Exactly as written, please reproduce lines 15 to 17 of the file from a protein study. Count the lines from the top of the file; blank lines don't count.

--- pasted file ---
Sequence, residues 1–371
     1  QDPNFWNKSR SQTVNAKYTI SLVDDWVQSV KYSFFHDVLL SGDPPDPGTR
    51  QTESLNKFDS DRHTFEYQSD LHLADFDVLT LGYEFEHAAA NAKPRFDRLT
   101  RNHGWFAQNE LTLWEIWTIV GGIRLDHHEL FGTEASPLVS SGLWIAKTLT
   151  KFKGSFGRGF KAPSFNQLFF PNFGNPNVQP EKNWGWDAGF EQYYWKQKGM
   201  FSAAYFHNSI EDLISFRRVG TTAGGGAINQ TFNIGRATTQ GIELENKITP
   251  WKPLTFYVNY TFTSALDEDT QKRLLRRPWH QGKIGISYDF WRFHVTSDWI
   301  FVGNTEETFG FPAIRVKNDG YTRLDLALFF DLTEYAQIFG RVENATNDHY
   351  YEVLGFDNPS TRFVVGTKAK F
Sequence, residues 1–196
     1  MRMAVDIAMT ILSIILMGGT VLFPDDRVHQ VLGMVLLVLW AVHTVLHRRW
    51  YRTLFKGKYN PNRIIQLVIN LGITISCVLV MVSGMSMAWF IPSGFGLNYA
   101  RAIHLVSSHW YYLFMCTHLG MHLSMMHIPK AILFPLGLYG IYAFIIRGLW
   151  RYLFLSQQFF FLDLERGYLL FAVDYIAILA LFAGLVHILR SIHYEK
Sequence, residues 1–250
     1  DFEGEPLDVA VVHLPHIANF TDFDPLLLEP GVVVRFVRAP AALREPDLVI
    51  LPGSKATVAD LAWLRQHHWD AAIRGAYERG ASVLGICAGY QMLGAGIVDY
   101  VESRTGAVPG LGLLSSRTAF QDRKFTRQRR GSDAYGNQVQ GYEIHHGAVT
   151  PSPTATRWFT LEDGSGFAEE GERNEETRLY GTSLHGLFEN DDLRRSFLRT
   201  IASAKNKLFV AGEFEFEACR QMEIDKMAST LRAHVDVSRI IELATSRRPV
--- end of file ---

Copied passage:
Sequence, residues 1–250
     1  DFEGEPLDVA VVHLPHIANF TDFDPLLLEP GVVVRFVRAP AALREPDLVI
    51  LPGSKATVAD LAWLRQHHWD AAIRGAYERG ASVLGICAGY QMLGAGIVDY